We used to sing a folk song with the lyrics, "And they'll know we are Christians by our love, by our love. Yes, they will know we are Christians by our love." That is not only a song, but a Scriptural truth. Jesus said, "I give you a new commandment: love one another. Just as I have loved you, you must also love one another. By this all people will know that you are My disciples, if you have love for one another" (John 13:34-35). Jesus is giving the right to the world to judge whether you and I are Christians on the basis of our observable love toward fellow Christians.
If you are expressing love toward your brothers and sisters in Christ, you are demonstrating one of the most distinguishing marks of salvation.
C. Your level of service
"God will not forget . . . when you served the saints - and you continue to serve them" (Heb. 6:10c). When you and I became Christians, we gave up every right. We became servants. And servanthood is one of the greatest indications of being a follower of Christ. While it is still unpopular and unrecognized, it, nevertheless, is one of the most distinguishing marks of a Christian.
Do you remember the story of when James and John came to Jesus wanting to sit in a place of authority beside him? Do you remember what happened? The other ten disciples became angry because they to wanted those places. Then Jesus said, "‘You know that the rulers of the Gentiles dominate them, and the men of high position exercise power over them. It must not be like that among you. On the contrary, whoever wants to become great among you must be your servant, and whoever wants to be first among you must be your slave; just as the Son of Man did not come to be served, but to serve, and to give His life - a ransom for many'" (Matt. 20:25-28).
God did not save you to be a sensation he saved you to be servant. If you doubt your salvation, check out your service to others. One of the great misfortunes in American churches today is the emphasis on getting, but when a person comes to Christ that emphasis changes from getting to giving. Just as Christ gave himself for us, the true Christian desires to give themselves to others.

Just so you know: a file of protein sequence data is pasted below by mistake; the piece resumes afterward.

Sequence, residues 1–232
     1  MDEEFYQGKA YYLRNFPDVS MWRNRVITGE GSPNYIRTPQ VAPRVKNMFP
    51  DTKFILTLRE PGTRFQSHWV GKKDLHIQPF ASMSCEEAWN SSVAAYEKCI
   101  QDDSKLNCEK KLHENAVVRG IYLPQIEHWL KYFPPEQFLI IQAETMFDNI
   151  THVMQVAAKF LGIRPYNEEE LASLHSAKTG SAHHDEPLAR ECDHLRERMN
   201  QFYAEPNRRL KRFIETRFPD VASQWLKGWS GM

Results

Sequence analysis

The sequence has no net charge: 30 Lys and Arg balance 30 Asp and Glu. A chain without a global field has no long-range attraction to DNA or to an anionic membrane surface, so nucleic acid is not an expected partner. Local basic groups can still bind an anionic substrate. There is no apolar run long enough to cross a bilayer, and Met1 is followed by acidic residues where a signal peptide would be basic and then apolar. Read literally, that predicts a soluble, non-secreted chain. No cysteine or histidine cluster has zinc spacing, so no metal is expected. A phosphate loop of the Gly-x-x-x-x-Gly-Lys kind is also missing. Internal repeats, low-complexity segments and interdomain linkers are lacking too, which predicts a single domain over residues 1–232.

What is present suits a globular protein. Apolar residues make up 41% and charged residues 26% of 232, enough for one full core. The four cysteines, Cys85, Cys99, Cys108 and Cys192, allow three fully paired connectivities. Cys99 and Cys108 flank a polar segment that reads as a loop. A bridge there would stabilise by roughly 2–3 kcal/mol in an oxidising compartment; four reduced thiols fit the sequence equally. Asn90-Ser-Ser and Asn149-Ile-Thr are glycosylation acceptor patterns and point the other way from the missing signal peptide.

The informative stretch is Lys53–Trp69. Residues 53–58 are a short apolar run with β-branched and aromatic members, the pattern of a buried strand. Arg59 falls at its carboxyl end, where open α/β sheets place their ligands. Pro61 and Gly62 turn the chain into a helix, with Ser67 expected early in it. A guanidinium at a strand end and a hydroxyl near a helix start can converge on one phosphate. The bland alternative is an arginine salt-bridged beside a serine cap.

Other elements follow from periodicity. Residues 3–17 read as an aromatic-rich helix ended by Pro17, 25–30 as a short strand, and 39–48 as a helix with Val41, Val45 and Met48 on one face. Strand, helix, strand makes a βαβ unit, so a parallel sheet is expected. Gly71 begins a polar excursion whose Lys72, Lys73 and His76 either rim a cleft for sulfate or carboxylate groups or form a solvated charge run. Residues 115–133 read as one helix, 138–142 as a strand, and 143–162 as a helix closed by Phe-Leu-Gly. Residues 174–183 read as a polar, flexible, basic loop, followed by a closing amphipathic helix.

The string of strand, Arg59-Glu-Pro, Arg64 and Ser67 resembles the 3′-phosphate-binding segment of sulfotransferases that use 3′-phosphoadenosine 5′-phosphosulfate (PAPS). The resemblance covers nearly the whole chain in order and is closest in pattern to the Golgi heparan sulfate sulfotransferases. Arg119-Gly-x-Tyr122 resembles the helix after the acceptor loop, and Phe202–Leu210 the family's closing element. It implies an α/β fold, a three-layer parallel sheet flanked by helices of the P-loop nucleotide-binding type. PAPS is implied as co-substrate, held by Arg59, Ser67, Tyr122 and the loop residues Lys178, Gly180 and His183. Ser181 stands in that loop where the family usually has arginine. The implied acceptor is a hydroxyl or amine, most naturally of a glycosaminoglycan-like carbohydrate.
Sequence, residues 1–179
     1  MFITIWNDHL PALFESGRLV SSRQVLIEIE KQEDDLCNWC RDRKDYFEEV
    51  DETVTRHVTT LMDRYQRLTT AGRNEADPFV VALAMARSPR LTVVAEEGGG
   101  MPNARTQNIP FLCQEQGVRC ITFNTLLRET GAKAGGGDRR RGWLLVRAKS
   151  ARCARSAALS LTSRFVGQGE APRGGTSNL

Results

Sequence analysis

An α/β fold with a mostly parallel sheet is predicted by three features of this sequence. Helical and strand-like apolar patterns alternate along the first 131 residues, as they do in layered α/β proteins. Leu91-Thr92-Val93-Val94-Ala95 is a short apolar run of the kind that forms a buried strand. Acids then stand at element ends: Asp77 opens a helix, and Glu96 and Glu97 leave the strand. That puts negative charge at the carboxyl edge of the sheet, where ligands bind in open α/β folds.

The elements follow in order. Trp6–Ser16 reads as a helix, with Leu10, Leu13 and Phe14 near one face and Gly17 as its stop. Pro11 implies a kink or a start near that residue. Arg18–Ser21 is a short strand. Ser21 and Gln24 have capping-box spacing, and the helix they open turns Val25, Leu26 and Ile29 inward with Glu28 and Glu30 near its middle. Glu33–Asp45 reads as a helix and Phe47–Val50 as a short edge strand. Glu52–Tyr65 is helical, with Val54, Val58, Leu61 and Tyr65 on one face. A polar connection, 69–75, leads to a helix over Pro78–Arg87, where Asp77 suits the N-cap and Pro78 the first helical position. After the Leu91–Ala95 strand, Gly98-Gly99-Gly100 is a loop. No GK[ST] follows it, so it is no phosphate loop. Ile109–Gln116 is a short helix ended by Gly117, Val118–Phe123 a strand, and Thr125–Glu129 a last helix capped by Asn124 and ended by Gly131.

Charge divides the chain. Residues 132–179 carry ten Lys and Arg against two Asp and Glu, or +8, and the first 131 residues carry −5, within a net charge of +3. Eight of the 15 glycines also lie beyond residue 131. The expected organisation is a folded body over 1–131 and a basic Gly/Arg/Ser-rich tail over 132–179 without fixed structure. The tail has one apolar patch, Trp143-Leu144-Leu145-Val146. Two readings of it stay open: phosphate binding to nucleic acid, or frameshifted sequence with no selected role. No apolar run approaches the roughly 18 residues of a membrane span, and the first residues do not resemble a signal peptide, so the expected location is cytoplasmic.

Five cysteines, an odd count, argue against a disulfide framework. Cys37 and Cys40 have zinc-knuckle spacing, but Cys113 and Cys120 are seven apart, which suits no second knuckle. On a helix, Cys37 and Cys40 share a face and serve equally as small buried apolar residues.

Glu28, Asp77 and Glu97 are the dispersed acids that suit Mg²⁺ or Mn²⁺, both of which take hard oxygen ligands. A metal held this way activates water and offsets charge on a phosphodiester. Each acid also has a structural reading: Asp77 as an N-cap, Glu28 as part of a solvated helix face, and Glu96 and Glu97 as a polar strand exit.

A willingness to serve is an evidence of salvation.
D. Your lingering thoughts of salvation
If you are struggling with assurance of salvation, then the very fact that you thought about it is a good sign that you belong to him. When people asked Charles Spurgeon, the great British pastor, how they could know if they were of the elect, he would answer, "If you are worried about it, then you are." In other words, if you are concerned about your relationship with Christ, that is an indication that you are saved.
Here are four pillars and four evidences of the assurance of salvation. Upon this foundation our salvation rests. The writer of Hebrews said, "Now we want each of you to demonstrate the same diligence for the final realization of your hope" (Heb. 6:11). These facts give "full assurance of hope" (NASB) regarding our personal relationship with Jesus Christ, these pillars provide unshakable confidence of eternal life.
In our eternal destination we must be sure. Assurance of salvation is God's blessed gift for all who believe. The apostle John said, "I have written these things to you who believe in the name of the Son of God, so that you may know that you have eternal life" (1 John 5:13).
In 1994 Northwest Airlines offered some unusual round-trip passages aboard one of their planes. Fifty-nine dollars bought a "Mystery Fare" ticket that provided a one-day trip to an unknown American city. Buyers didn't find out where they were heading until they arrived at the airport the day of the flight. Still, the airline had plenty of takers. In Indianapolis fifteen hundred people crowded the airline counter to buy the Mystery Fare tickets that were sold on a first-come, first-served basis.
Mystery Fare tickets may be a fun surprise for a weekend vacation, but normally the last thing you want is a ticket to a mystery destination. And one time you never want a Mystery ticket is on the day of your death. You don't want to face eternity uncertain about whether you will go to heaven or hell.
Somebody once said it this way. There will be three surprises when we get to heaven. Number one, we're going to be surprised that some people are there that we didn't expect to see there. Number two, we're going to be surprised that some people aren't there that we were sure were going to be there. Number three, the greatest surprise of all will be that we ourselves are there.
That leads me to this question. Are you going to be there? If you died tonight, would you go to heaven? Are you sure? Perhaps you've been running from God and now at last he has found you. If you are not sure about your salvation, and if you would like to be sure, make sure today. I want you to be sure that if you die today or tomorrow or in 50 years, you're going to go to heaven.